Pet Grooming Industry Growth: How Large is the Market Size?

Every year, the American Pet Products Association publishes the statistics in a comprehensive report that analyzes pet industry growth. As usual, it’s good news!

Pet parents and entrepreneurs alike can all agree, the pet industry is continuing its trending growth seen in the last three decades. Since 1994, the pet industry has seen U.S. expenditures rise a whopping 269%. The total expenditures ended at $66.75 billion for the 2016 year, a 10.7% growth. This number actually surpassed economic predictions by four billion dollars. Even marketing gurus like Ellen DeGeneres are hopping on the pet industry growth train.

If expenditures continue to rise at the rate of the current trajectory, the pet industry is expected to reach $96 billion within three years, according to Packaged Facts.  

The reason for these climbing numbers is no secret. The dog ownership statistics also show more Americans are apt to own a dog or cat. 65% of the population reports owning a pet with around 77.8 million dogs and 85.8 million cats being the most popular pet choices. In 2015, food sales alone grossed $23.05 billion.

These numbers show that the kinship between human and animal is stronger than ever and pet parents are willing to pay for the wellness and comfort of their animals.

Pet Grooming Industry Growth in the Dog Groomer Retail Segment

Breaking down the numbers of APPA’s market size report shows that pet groomers operating in the retail sector are the most profitable. With food, retail, and grooming sales making up $42.74 billion there are multiple opportunities to earn in this segment. Many workers have found huge financial success without the encumbrance of traditional corporate America bearing down on them.  

According to the U.S. Bureau of Labor Statistics, over 103,996 businesses are currently operating as dog groomers in the U.S. with an average growth rate of 8%. 189,384 individuals are employed in the grooming industry alone.

Trends beginning in 2014 and plateauing last year are continuing to diversify the range of service opportunities groomers can provide. Holistic services like aromatherapy, luxury spa experiences, and doggie facials are now an expectation.

Online shopping will continue to grow but adversely cannot abrogate pet retailing. Pet retailer experts state that just as groceries stores continue to provide for consumers that just ran out of milk, brick-and-mortar pet stores will provide for customers that just ran out of dog food.

Also, a side effect of the premiumization that led to pet industry growth in 2014 is the availability of high-quality products. Products like natural flea and tick repellents, dog toys made with natural fibers, and holistic or human grade dog food are all embellishing the marketplace options for pet owners.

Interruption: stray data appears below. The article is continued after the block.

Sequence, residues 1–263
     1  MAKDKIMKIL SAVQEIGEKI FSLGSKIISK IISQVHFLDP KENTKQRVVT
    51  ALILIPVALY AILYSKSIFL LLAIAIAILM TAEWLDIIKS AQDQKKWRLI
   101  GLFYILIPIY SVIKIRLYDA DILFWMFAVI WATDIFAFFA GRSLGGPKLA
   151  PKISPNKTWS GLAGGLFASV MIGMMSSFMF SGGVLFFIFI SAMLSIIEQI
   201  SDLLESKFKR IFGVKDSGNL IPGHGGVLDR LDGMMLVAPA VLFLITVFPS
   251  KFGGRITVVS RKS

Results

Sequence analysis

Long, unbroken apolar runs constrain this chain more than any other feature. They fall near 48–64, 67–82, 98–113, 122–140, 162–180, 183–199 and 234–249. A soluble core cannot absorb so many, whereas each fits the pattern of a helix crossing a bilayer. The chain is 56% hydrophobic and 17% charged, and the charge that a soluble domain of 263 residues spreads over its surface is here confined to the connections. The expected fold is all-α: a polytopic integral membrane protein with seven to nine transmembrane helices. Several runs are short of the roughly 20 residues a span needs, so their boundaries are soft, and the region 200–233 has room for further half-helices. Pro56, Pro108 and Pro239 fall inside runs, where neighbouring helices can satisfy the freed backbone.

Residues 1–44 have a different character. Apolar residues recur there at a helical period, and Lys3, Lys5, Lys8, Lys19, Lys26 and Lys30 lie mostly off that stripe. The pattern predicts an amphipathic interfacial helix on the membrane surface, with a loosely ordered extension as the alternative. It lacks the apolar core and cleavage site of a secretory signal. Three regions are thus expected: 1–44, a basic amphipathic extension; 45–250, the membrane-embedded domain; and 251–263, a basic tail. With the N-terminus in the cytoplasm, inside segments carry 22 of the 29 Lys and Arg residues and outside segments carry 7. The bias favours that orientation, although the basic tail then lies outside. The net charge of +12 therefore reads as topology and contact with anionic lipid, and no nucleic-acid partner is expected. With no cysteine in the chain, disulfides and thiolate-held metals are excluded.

Pet Industry Expansion

The pet business industry has opened and diversified into some lavish spending options for customers. One of the more traditional segments growing is dog training. Particularly in online dog training courses. One of the biggest names in cloud-based training is Wagfield Academy—a customizable online training course that meets the needs of all training goals.

Another sector experiencing pet industry growth is in medical services, predominantly physical therapy. Dogs with mobility complications can now get treatment in various holistic therapy programs. Treatments like acupuncture, herbal and nutritional therapy, and deep-tissue ultrasonic healing are all becoming more commonplace. Dog yoga is also an option with kits starting at $535 designed by yogi instructor Suzi Teitelman.

One of the more acrimonious but necessary sectors of the pet industry is providing for deceased pets. Many pet parents want to honor their passed loved ones and are more than willing to finance their lamentation. The oldest operating pet cemetery in America—Hartsdale Pet Cemetery—offers plots for $1,800 without upkeep charges.

These are examples of how exploring foreign territory in the pet industry has forged new segments in the marketplace. A prospect that is lucrative and less financially risky is franchising.  There are dozens of pet franchises that are growing strong, with Splash and Dash Groomerie & Boutique leading the pack.

What Future Franchise Owners Will Want to Know

From an investor’s standpoint, you can’t go wrong with the pet industry. During the Great Recession, the pet industry proved its resilience by being one of the few industries that grew during the hard economic times.

If you dream of one day opening your small business in the pet industry then please consider owning a franchise. Depending upon your situation choosing to own a franchise could be more viable than proceeding solo.

Operating a brick-and-mortar groomer and retail store requires a huge investment of time and money. Hiring employees, selecting a POS system, shop build-out, and stocking your shelves just scrapes the list of the tasks that need to be completed before opening. This is why many entrepreneurs favor franchising over going solo.

A good franchisor trains and supports their franchisees through the whole process. Every aspect of a prospect franchisees’ due diligence should be backed by the franchise. Your success should be the franchise’s success!

At Splash and Dash Groomerie & Boutique we aim for our shop owners to break even only six months after opening. We do this with proven business methods aimed for profits. We have a thriving company culture based on family centered core values. If you don’t believe us, please visit a shop, talk to an owner. See for yourself the difference Splash and Dash makes every day in the growing pet industry.


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